Re: Hutton's Shearwater at WTP

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Subject: Re: Hutton's Shearwater at WTP
From: "Ken Rogers" <>
Date: Mon, 18 Aug 2003 12:53:41 +1000

 I was going to put a posting on birding-aus about seeing Hutton’s Shearwater at the Western Treatment Plant yesterday, but I see John Barkla and Fred Smith have beaten me to it. However, perhaps an independent record of the same bird/s will be of interest:

 I visited the Western Treatment Plant yesterday afternoon, and from about 2 to 3 pm spent an hour enjoying a big flock of Fluttering Shearwaters. They were feeding about half a km off the coast between Kirk Point and the end of Beach Road, some birds sometimes coming to within 200m of the shore. They were close enough to make telescope views very satisfying. I think they were picking up items from just below the surface; most were swimming on the surface, and repeatedly sticking their heads underwater to see what was below. They were reaching well down to grab whatever it was they were eating, but seldom actually dived. It was a very active flock. The general tendency was for birds to drift north-east from around Kirk Point towards Beach Road (at which point they were closest to shore), and then they would take off and head back towards Kirk Point. Different birds made this flight at different times, so there were always lots of birds on the water, some in the air. The movement made it difficult to count them accurately. I came up with a  count of 2000, but there could easily have been several hundred more.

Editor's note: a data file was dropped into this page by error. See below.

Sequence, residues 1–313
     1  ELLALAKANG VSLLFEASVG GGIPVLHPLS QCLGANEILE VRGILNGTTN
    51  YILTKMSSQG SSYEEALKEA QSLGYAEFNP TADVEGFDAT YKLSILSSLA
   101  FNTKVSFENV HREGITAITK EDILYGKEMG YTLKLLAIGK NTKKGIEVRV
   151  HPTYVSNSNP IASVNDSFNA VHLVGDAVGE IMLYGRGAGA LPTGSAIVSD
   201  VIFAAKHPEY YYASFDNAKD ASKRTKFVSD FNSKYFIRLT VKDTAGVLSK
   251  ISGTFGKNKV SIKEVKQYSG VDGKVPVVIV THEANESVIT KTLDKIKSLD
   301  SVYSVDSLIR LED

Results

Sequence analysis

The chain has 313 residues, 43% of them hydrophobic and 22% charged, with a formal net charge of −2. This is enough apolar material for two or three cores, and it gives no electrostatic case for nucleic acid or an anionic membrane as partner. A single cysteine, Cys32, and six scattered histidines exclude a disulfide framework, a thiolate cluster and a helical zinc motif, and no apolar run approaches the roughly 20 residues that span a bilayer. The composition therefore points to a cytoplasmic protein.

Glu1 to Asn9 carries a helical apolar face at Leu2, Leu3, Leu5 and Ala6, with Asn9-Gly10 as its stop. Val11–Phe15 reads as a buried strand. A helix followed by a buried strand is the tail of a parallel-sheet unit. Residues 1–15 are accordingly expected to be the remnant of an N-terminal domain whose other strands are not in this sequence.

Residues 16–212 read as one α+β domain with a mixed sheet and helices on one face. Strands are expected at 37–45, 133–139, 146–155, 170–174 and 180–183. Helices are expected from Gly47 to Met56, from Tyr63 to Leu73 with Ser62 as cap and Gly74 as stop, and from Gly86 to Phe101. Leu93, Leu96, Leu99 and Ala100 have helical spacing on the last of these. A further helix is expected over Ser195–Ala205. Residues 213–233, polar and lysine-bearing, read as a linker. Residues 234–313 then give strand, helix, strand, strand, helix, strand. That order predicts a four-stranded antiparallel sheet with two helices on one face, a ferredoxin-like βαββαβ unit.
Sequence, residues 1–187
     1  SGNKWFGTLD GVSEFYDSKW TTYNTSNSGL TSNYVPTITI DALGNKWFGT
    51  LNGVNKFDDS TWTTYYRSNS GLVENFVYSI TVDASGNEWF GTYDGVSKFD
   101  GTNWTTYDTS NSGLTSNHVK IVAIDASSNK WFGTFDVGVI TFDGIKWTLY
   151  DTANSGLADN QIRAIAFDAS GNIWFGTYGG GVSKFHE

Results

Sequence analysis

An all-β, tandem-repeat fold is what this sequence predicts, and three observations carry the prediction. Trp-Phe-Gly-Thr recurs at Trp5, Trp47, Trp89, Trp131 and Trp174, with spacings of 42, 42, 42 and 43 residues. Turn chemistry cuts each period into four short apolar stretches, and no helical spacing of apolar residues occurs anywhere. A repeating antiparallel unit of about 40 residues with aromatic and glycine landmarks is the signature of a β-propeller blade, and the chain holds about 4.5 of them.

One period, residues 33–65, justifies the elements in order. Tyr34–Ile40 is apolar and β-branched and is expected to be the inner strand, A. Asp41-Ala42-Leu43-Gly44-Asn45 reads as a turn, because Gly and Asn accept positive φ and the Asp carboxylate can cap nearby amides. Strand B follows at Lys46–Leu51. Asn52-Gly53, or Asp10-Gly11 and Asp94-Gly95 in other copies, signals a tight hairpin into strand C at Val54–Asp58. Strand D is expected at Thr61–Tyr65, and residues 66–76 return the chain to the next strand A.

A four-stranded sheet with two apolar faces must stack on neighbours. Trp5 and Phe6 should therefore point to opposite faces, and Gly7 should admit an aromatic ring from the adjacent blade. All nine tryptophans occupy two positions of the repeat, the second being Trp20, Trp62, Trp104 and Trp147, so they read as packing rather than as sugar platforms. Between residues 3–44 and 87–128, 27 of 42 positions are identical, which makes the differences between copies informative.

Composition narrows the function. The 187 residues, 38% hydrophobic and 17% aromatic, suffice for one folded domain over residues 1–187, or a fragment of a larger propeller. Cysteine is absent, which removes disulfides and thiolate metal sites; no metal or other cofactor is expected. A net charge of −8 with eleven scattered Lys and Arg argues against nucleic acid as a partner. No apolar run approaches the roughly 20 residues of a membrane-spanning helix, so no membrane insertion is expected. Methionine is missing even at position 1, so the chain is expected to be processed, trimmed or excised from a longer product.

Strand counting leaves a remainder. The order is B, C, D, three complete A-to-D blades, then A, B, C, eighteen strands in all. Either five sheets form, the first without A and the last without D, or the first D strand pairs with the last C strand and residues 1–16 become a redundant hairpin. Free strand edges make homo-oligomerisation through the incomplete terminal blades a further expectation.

After an hour of observation I had contented myself that there were at least three Hutton’s Shearwater in the flock. I found each one on the water initially, picking them out because they seemed longer-billed and blacker-backed than the surrounding Flutterer’s, with more extensive dark grunging on the sides of the face and neck; this extended onto the sides of the uppermost breast as an incomplete gorget. I stuck with each bird until it had taken off, and had good views of the underwing in each case. They all showed the classic underwing pattern of Huttons: extensively darkish smoky grey, including the entire subhumerals (I thought one had a small whitish smudge at the base of the subhumerals) and broad, diffuse leading and trailing edges to the wing-coverts, including the greater underprimary coverts.

 I don’t know if this near-shore visit by the shearwaters was a one-off or something they are likely to continue doing for a while. But it is certainly worth keeping an eye out for them in the near future – a spectacular sight, and a rare opportunity to see Hutton’s Shearwater in Victoria without getting onto a boat.


Danny Rogers.

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